Ebola panel discussion to address community concerns
WINCHESTER — A panel discussion at 7 p.m. today at Shenandoah University will address the Ebola virus and answer the community’s questions on the threat it still presents to Americans and how residents can protect themselves.
The discussion will be in the Stimpson Auditorium of Halpin-Harrison Hall, where area health professionals wish to quell fears while being realistic about how to prevent the spread of disease.
“I think it’s very timely,” said Dr. Tim Ford, dean of the School of Health Professions at Shenandoah University.
Ford and other panelists agreed Monday that many fears the public has felt concerning the Ebola outbreak has been caused by a lack of appropriate information.
In the United States, there have been 10 cases of patients treated for Ebola, according to Dr. Charles Devine III, health director of the Lord Fairfax Health District, a part of the Virginia Department of Health. Two of them died from the disease, and both were infected before arriving in the country.
No one in Virginia has been diagnosed with Ebola, though he said between 70 and 80 residents are currently within the 21-day observation time to see if they will develop symptoms of Ebola. Without symptoms, they are not contagious and cannot spread the disease. If they remain symptom-free for 21 days, they will be cleared of having Ebola.
No current Shenandoah students have been to affected western Africa nations since the first known case of the recent Ebola outbreak in December 2013.
But the university welcomes a diverse student body and sponsors visits and study-aboard programs for students to other parts of the world, so panel members especially wanted to reassure students that the school is prepared in case they do encounter anyone from affected western African nations.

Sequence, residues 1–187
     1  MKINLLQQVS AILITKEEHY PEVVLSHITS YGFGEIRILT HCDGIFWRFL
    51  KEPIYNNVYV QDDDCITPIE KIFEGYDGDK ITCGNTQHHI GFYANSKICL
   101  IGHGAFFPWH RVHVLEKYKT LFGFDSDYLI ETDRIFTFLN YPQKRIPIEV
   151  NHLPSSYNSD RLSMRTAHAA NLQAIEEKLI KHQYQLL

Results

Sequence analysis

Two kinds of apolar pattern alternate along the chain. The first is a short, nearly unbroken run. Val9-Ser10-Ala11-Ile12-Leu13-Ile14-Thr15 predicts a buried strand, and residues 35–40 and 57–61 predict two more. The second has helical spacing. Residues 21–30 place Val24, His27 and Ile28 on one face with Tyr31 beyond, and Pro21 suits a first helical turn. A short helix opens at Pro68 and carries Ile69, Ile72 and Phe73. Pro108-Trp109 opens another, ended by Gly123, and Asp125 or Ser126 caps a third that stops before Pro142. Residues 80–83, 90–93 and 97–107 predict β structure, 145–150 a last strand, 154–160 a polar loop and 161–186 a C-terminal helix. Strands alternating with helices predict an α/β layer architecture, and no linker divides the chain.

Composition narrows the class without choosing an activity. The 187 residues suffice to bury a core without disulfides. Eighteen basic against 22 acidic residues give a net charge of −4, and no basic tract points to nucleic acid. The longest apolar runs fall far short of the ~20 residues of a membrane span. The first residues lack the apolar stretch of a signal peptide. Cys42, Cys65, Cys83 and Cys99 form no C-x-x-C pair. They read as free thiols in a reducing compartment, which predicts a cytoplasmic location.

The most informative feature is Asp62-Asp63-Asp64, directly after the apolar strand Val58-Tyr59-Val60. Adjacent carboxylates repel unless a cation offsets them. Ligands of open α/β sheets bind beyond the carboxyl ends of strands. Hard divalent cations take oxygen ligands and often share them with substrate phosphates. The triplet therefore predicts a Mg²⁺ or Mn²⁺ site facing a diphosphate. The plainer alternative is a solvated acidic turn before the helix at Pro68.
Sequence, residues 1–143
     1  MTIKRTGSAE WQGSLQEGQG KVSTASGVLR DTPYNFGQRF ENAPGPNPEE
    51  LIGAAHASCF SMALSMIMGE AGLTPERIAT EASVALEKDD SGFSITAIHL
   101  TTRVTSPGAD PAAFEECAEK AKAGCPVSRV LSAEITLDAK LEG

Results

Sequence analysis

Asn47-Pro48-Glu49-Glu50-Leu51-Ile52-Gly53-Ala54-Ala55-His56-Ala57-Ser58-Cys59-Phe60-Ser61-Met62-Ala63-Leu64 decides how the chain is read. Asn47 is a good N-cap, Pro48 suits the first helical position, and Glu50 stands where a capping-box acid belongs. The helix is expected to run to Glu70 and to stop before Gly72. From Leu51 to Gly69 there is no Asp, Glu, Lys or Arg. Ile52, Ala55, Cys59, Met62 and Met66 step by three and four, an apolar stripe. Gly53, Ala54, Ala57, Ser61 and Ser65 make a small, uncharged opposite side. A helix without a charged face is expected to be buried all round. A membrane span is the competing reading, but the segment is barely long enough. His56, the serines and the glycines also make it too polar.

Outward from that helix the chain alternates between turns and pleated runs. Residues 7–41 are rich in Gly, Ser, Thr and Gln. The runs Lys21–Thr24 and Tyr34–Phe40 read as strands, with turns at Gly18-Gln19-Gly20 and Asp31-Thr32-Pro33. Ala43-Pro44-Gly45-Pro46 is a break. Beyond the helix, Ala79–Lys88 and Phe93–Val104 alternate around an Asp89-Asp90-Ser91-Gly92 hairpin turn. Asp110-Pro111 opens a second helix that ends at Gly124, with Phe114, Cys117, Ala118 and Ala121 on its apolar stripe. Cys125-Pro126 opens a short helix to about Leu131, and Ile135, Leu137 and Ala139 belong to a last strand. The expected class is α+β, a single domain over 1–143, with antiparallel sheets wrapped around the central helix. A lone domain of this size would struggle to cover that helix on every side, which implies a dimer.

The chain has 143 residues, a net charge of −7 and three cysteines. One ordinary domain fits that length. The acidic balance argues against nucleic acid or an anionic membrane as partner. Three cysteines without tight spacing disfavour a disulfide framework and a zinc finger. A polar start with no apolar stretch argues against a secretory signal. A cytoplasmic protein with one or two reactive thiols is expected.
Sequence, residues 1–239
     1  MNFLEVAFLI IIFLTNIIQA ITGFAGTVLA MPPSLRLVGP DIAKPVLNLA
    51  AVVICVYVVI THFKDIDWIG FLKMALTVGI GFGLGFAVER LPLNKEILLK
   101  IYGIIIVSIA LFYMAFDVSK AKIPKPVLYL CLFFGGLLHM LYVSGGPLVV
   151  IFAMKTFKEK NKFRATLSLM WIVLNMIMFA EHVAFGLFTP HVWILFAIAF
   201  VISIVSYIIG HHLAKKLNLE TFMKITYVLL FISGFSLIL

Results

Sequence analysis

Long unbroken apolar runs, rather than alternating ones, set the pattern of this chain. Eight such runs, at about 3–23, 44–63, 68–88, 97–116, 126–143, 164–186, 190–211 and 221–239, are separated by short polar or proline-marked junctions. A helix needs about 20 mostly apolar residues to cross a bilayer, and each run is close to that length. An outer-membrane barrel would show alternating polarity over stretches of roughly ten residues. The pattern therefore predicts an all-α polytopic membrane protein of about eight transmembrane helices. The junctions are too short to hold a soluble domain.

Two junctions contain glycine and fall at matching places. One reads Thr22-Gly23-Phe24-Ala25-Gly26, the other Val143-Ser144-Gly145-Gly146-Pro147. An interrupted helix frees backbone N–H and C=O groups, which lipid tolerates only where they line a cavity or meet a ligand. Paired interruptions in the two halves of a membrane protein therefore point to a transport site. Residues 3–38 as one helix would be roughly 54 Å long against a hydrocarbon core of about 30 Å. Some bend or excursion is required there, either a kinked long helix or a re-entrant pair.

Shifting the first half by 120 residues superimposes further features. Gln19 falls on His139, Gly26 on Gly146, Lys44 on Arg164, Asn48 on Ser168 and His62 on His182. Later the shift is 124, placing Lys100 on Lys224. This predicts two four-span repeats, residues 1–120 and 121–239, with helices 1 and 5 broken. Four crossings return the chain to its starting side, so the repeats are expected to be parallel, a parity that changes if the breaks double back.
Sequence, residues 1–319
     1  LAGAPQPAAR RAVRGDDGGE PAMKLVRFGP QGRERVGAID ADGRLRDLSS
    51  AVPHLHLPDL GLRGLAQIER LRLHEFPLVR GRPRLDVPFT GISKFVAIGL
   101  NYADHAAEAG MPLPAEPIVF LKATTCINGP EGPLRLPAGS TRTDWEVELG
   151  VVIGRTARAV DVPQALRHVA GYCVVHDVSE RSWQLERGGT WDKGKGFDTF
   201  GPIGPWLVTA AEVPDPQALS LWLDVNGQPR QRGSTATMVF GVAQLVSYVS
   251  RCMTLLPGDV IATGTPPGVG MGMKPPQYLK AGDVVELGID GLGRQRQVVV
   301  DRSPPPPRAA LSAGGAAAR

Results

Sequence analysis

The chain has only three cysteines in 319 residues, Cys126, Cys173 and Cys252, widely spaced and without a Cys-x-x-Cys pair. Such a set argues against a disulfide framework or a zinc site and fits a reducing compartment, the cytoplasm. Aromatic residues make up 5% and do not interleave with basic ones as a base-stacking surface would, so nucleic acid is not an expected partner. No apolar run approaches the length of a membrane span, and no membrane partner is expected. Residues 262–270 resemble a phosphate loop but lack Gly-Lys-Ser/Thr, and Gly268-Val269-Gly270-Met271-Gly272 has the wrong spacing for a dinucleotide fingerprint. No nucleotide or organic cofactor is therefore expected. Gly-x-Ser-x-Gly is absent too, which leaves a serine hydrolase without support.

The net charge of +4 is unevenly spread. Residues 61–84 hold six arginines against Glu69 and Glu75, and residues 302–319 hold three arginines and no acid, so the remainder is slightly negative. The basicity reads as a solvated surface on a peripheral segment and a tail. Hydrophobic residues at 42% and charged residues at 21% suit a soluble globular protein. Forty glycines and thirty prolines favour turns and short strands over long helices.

Through a longstanding relationship with the health district and area hospitals, administrators have taken steps to keep students and the rest of the community safe.
But this is nothing new, according to Ron Stickley, director of Health Services at the school. In previous years the school has had to prepare for outbreaks of the SARS and the H1N1 virus, also known as swine flu.
“It’s just the unknown, the fears, I think is the biggest problem we have out there,” Stickley said.
Ebola is particularly scary because of its potential to kill, Ford said. So far in western Africa, it has claimed about 7,000 lives, and though as a comparison he pointed out influenza claims up to 50,000 American lives every year, the risk to Americans is real.
“This is not going to be the last epidemic or pandemic, diseases are going to emerge,” Ford said. “Whether it comes out of Africa or China … or South America, it’s going to happen again.”
As Devine put it, “every illness in the world is just a plane ride away.”
That’s why everyone should better understand Ebola and how to prevent against it.
Calling the panel a great idea, Dr. Kathryn Ganske, dean of the Eleanor Wade Custer School of Nursing, said she hopes the whole community will become involved in becoming better informed.
“There’s a sense of complacency within our borders that this kind of thing can’t happen,” she said. “Well, guess what?”
Contact staff writer Josette Keelor at 540-465-5137 ext. 176, or email@example.com
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